If you’re like me, you’re in countdown mode until the official first day of spring on March 20th. And it can’t come a minute too soon after the winter we’ve had this year! Except for the first day of spring, there’s not much else to celebrate in March—if you don’t count St. Patrick’s Day on March 17th.
From my childhood in New England, we were always taught that the month of March was “in like a lion, and out like a lamb.” And, for the most part, that’s still quite true in many northern parts of the U.S. It might change a bit from year to year, but from March 1st until March 31st, we’re bound to see noticeable differences in the weather by month’s end.
But, perhaps it’s better to think of March as the “Big Tease”—mixed in with some miserable weather days, we’ll get a peek at warmer times ahead with trees and plants starting to sprout and show buds. And then, we’ll get cool—or even cold—weather with a chance of snow or sleet. So unpredictable!
The good news? It doesn’t really matter exactly how Mother Nature behaves this year … or where you live … when it comes to preparing your food garden for the season, you need to get started now. If you’re not in a warm-enough zone to plant directly into the ground yet, there are lots of ways to get started indoors. And then, there’s all the planning that comes with having your garden.
Welcome to the March 2021 issue of Food Gardening Magazine, to help you get started with all of your spring food-gardening efforts!
In this edition of Food Gardening Magazine, you’ll discover lots of valuable and helpful content and advice, with some of my favorites including:
Gardening with Amanda articles—Amanda MacArthur is one fabulous food gardener! She takes gardening seriously, makes it fun, and delivers some great content—including companion videos to show you, not just tell you, exactly what to do. Check out these three helpful articles, with videos, from Amanda this month:
- “6 Vegetables to Plant in March”: Whether you’re ready to grow seeds inside or plant your seeds directly in the ground, March is a good month to get started. As soon as the ground is ready, you should be ready—and Amanda walks you through six perfect veggies for kicking off your spring garden. Read all about these garden-starter vegetables now.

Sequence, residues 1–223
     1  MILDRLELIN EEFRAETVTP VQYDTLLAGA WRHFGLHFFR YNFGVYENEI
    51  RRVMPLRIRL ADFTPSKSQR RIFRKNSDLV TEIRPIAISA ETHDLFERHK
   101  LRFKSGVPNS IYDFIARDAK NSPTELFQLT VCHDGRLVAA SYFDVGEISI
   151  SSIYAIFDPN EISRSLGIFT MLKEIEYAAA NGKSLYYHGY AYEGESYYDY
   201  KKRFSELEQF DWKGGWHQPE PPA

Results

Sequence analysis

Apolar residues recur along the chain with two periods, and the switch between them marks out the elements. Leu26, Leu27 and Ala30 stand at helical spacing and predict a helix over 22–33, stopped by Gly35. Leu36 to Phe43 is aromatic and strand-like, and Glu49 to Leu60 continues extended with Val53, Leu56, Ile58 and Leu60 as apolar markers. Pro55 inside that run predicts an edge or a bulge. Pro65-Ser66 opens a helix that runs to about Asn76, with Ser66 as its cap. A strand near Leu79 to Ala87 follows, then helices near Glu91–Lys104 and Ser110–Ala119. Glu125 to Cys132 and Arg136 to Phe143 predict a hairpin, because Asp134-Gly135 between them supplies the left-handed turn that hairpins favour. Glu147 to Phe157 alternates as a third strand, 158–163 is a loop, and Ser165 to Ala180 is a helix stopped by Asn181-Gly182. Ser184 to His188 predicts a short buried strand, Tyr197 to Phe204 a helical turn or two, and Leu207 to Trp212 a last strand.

- “How to Start Seeds Indoors”: In this article, Amanda reviews the differences between buying a grow kit and do-it-yourself (DIY) methods for starting seeds indoors earlier in the season. Find out if the expense of heating mats, grow lights, and grow trays are worth it—or if keeping it simple and non-fancy is good enough for getting your seeds started. Is DIY too much hassle? And is a kit just too expensive? Which method will work best for you? Get the answers now.
- “Strawberry Avocado Toast”: Get Amanda’s quick-and-easy recipe for this “heaven on bread” item—it’s avocado toast served a whole new way! Turn your breakfast into a tasty and memorable meal with this unique combo of ingredients, healthful and delicious—even for kids!
And this issue of Food Gardening Magazine includes details on our three featured foods this month—concurrently with publishing this issue of our magazine, we’re publishing three brand-new gardening guides on strawberries, Brussels sprouts, and quinoa. As a premium member of Food Gardening Network, you get full access to the magazine and these gardening guides: